Australia's retail sales exceeded expectations in October, sending mixed signals on the economy following below-view economic growth figures earlier this week.
Retail sales rose 0.4 percent from the month before, above expectations for a flat reading in a Reuters poll, and compared with September's upwardly revised 1.3 percent increase.
"Momentum in retail sales is solid after the dim dark years of 2010-13 for retailers. Clearly the combination of low interest rates, gains in household wealth and new home completions are helping offset soft consumer sentiment and news of rising unemployment," said Shane Oliver, head of investment strategy and chief economist at AMP Capital.
"The reversal of the "two speed" economy is also clearly evident in the retail sales data with NSW shooting the lights out with 9.8 percent growth in retail sales over the year to October and Victoria solid at 6.1 percent growth, but Western Australia now languishing with just 2.7 percent growth over the same period," he said.
Goldman Sachs welcomes the improvement in recent sales momentum. "If it can be sustained through the Christmas period, we believe there will be some additional tailwinds building in 2015 to sustain momentum through the course of the year," it said in a note.
However, it warned that "there are reasons to remain cautious in the very near term.. given still low levels of confidence, income headwinds, and confirmation in yesterday's National Accounts data that the positive signs in the monthly retail sales data did not translate to the consumption component of (gross domestic product) in 3Q 2014."
Trade data released at the same time showed imports fell a seasonally-adjusted 2.0 percent from September, while exports rose 2.0 percent. This brought the trade deficit to 1.32 billion Australian dollars, compared with expectations of a 1.9 billion deficit.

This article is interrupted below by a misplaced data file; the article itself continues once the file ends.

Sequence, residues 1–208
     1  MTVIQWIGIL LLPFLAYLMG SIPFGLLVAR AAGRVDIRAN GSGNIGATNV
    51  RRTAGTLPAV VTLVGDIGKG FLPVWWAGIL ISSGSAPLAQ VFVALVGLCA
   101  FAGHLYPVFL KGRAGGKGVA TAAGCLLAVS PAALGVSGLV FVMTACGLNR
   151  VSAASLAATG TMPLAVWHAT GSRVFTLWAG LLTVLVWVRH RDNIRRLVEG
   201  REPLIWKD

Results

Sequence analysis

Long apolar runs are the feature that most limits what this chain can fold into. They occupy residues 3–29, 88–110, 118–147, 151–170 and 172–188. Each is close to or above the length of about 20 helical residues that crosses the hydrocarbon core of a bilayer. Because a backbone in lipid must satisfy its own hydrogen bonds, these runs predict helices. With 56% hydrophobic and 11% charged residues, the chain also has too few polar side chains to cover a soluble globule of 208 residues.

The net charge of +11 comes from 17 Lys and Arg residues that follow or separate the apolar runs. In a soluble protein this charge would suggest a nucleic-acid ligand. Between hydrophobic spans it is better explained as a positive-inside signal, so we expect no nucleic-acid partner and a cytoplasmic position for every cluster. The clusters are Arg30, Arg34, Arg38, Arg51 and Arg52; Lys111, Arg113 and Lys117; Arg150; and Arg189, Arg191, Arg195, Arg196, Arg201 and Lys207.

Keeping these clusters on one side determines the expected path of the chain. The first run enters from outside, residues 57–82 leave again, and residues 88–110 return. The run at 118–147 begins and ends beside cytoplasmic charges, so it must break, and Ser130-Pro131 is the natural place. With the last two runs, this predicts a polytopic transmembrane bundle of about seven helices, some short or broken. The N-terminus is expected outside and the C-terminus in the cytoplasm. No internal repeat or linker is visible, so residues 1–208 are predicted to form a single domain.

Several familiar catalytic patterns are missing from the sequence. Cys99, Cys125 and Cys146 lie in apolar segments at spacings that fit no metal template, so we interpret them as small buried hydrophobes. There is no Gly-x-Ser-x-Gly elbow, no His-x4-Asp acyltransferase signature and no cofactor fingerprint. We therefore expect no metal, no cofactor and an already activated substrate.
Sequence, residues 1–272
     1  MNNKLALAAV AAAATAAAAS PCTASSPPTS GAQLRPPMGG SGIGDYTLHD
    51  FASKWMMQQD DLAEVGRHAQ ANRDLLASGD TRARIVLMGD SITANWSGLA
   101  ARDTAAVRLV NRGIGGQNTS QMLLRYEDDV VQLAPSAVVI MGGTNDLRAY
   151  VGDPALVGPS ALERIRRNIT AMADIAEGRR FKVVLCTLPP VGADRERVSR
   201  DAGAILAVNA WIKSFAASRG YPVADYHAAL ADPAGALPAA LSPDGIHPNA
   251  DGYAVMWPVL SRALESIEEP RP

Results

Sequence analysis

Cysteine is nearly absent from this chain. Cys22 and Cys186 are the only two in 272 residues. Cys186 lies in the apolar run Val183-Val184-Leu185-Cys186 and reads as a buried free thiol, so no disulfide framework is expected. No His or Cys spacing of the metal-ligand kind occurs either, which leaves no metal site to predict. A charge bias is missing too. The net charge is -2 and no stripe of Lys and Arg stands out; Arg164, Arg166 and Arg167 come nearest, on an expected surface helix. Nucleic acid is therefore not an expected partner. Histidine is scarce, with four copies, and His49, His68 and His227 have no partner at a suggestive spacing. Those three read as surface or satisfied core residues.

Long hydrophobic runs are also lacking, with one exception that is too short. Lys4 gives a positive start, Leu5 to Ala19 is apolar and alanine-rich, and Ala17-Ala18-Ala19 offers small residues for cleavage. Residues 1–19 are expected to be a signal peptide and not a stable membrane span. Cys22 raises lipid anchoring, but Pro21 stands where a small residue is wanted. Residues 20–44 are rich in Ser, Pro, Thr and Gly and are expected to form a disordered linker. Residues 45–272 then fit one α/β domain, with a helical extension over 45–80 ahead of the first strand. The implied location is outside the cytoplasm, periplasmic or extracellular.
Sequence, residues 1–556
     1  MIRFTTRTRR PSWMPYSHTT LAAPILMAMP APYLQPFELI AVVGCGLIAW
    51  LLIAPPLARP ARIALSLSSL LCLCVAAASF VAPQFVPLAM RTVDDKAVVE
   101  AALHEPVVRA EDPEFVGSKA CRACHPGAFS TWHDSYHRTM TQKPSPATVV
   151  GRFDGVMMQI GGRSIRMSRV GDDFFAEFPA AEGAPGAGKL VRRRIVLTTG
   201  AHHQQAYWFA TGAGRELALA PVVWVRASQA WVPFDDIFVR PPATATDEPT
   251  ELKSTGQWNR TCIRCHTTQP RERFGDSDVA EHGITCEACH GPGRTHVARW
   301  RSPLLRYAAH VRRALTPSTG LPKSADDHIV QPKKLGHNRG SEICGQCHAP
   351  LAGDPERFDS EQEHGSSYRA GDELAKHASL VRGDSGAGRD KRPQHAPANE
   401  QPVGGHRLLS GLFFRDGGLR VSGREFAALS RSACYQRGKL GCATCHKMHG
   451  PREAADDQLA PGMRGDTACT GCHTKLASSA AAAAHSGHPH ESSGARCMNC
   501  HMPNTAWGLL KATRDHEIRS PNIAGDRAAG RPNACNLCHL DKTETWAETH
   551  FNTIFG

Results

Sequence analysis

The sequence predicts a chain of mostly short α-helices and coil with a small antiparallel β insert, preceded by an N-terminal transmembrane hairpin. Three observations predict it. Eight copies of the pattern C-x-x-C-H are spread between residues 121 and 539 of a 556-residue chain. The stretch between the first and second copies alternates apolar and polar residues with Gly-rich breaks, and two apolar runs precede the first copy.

As expected, Australia's trade deficit narrowed due in part to reduced fuel imports and a strong lift in bulk commodity exports, Goldman said in a separate note. "Given recent spot price falls for bulk commodities, we do not believe the gains seen in the latter will be sustained. In fact, looking forward, while an eventual lift in LNG exports should contribute to a sequential improvement in the trade balance (perhaps from mid-2015), we expect the trade balance to remain under pressure in the near-term as weak spot commodity price dynamics continue to flow through to the official data."
The data send mixed signals on Australia's economy after a slower-than-expected third-quarter growth reading on Wednesday led to increased calls for the Reserve Bank of Australia (RBA) to undertake easing measures.
The economy expanded 2.7 percent on year in the third quarter, undershooting expectations for growth of 3.1 percent, as construction spending fell, while sliding export prices hit incomes.
"The balance of risks over the last few weeks have now changed such that the next move by the RBA will likely be a cut," Oliver said, highlighting lower commodity prices, a limited decline in the trade-weighted Australian dollar, low inflation, and a pick-up in non-mining sectors of the economy.
"I am now allowing for one 0.25 [basis point] cut in the cash rate in either February or March and a 50/50 chance of another 0.25 [basis point] cut in the June quarter and then flat rates after that for the remainder of 2015," Oliver said. "This should ensure that the [Australian dollar] continues to slide to around $0.75 by the end of 2015."
On Tuesday, the RBA kept interest rates unchanged at a record low of 2.5 percent, reiterating its outlook for a period of stability in rates, despite increasing speculation the central bank would move to cut rates next year.